DiCamillo Companion
England

Howsham Hall

  • House & Family History: Howsham is the focus of the Curse of Kirkham, which has it origins in 1610, when Sir William Bamburgh built the House using stone and timber from nearby Kirkham Priory, destroyed by Henry VIII in 1539 during the Dissolution of the Monasteries. The plundering of the stone and building material was considered a sacrilege and a curse was supposedly put on Howsham and its owners in perpetuity. According to the curse, "All male heirs of the estate will perish and true happiness will never come to that family or its successors." Interestingly, Bamburgh, and the next four families to live at Howsham were unable to produce surviving male heirs. In 1956 Howsham was purchased by John Knock, who saved it from demolition. Mr. Knock began an independent boys' school in 1958, which operated until 2007, when it was closed due to declining enrollment. In August 2009 Howsham was listed for sale for £6 million – only the fourth time in 400 years it has come up for sale.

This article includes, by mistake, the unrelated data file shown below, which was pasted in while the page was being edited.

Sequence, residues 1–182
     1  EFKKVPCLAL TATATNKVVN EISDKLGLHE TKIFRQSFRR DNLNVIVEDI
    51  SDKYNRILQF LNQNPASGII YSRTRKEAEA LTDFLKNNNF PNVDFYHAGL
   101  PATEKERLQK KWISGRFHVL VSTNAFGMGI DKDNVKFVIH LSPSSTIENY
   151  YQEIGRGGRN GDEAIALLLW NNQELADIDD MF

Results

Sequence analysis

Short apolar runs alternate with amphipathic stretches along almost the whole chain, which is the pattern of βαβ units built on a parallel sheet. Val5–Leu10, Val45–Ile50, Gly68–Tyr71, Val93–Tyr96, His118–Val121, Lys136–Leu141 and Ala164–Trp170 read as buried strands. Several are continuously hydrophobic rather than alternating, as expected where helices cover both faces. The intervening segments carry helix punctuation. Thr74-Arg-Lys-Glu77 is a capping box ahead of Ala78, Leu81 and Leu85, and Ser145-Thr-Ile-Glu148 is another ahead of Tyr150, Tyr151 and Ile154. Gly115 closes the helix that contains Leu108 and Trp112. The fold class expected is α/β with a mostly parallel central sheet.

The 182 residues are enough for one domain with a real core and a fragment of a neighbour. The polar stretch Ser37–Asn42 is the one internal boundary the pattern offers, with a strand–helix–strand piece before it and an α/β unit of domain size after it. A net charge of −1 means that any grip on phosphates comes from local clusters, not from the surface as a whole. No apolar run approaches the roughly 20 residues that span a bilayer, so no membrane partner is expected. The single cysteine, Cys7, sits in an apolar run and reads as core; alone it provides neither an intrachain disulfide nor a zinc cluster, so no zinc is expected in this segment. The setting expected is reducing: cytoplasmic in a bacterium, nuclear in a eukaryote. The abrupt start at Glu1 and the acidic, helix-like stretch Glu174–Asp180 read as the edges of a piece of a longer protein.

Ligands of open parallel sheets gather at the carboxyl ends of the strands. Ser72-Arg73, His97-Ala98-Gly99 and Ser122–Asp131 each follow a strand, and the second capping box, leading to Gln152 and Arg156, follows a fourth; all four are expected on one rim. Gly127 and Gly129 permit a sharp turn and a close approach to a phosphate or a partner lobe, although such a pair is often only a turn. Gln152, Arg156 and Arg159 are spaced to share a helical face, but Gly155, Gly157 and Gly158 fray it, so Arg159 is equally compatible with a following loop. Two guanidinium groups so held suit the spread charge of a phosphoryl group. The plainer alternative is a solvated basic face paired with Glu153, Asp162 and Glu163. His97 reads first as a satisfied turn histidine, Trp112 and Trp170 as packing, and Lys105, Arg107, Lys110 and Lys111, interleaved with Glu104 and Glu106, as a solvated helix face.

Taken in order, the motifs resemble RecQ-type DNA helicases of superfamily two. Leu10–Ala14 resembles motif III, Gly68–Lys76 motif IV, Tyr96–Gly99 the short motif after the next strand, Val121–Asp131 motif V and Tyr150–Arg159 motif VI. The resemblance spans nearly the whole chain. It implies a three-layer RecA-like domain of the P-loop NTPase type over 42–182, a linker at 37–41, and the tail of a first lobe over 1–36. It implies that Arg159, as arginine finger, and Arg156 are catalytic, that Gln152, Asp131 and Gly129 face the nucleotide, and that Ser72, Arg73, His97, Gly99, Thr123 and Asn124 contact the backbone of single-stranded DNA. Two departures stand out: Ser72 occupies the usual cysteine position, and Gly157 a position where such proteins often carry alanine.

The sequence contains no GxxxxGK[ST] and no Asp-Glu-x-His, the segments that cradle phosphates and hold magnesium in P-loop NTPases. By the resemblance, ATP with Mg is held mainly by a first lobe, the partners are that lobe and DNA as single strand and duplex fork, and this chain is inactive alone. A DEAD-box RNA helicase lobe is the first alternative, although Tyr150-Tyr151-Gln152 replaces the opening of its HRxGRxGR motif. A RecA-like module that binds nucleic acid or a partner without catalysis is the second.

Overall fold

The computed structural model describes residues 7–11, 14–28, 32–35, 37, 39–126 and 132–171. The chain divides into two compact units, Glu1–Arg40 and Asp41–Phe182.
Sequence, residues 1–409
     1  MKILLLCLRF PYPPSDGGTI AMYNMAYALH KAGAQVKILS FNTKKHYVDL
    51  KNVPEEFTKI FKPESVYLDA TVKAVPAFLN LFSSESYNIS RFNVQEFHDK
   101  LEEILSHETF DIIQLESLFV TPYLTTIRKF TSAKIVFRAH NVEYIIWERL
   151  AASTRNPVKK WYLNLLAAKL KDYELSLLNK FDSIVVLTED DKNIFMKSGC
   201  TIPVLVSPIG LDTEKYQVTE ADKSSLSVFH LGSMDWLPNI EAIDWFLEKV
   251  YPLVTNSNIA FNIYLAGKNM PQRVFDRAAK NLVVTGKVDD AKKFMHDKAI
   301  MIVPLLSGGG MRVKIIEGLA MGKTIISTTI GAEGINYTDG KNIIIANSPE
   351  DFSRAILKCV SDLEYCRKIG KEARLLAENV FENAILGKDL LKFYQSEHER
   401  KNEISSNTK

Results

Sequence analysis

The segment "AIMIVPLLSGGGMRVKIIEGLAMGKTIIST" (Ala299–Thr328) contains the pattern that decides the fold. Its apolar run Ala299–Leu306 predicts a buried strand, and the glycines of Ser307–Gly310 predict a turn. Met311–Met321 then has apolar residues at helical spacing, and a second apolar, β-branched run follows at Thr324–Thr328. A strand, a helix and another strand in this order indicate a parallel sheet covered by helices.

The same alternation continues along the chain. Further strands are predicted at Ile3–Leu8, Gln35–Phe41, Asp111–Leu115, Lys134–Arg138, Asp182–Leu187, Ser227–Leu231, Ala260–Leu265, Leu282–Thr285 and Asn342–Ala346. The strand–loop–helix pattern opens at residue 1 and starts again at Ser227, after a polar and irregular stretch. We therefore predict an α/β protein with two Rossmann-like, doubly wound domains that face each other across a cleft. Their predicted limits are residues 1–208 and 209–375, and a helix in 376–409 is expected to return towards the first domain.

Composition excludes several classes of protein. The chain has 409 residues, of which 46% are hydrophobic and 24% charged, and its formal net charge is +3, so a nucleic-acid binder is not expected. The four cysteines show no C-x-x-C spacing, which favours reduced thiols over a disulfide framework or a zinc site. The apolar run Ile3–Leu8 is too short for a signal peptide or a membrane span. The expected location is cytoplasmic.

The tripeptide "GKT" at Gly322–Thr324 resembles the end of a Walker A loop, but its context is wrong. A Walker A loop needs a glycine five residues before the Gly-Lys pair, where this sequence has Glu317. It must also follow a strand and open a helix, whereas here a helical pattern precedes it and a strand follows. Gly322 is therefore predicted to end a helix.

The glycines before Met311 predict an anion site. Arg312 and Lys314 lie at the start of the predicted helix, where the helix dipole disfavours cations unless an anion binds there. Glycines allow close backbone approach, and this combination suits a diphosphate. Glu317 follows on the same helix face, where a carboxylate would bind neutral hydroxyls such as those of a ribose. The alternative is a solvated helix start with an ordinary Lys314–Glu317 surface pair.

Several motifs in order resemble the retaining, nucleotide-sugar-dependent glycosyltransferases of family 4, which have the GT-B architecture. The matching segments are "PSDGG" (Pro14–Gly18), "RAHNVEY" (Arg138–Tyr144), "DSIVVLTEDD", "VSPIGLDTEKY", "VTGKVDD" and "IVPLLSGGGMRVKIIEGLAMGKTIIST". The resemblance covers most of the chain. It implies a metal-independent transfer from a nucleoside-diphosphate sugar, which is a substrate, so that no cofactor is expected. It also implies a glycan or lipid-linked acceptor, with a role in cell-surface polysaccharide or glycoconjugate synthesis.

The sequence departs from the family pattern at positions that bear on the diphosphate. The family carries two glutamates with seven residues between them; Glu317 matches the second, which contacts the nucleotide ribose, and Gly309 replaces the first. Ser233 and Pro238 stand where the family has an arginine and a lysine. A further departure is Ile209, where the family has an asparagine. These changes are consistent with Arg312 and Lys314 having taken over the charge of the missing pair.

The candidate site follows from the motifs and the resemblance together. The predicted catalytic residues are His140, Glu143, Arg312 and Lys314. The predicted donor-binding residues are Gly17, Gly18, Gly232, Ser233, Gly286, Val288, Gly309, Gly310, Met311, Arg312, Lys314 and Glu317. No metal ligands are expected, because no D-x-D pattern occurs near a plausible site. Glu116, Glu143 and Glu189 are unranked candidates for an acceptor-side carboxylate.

• Architect: John Carr

    Date: 1770s
    Designed: Refurbishment for Nathaniel Cholmley
    (Attribution of this work is uncertain)
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    Architect: Peter Atkinson

    Date: 1770s
    Designed: Refurbishment for Nathaniel Cholmley
    (Attribution of this work is uncertain)
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  • John Preston (J.P.) Neale, published under the title of Views of the Seats of Noblemen and Gentlemen in England, Wales, Scotland, and Ireland, among other titles: Vol. V, 1822.

    Country Life: XVII, 450, 1905. LXXVIII, 194, 220, 1935.

  • House Listed: Grade I

    Park Listed: Grade II

  • Past Seat / Home of: Sir William Bamburgh, 16th century. Sir John Wentworth, 18th century. Nathaniel Cholmley, 18th century. Strickland family. Knock family, 20th century.

    Current Ownership Type: Individual / Family Trust

    Primary Current Ownership Use: Private Home

  • House Open to Public: No

    Historic Houses Member: No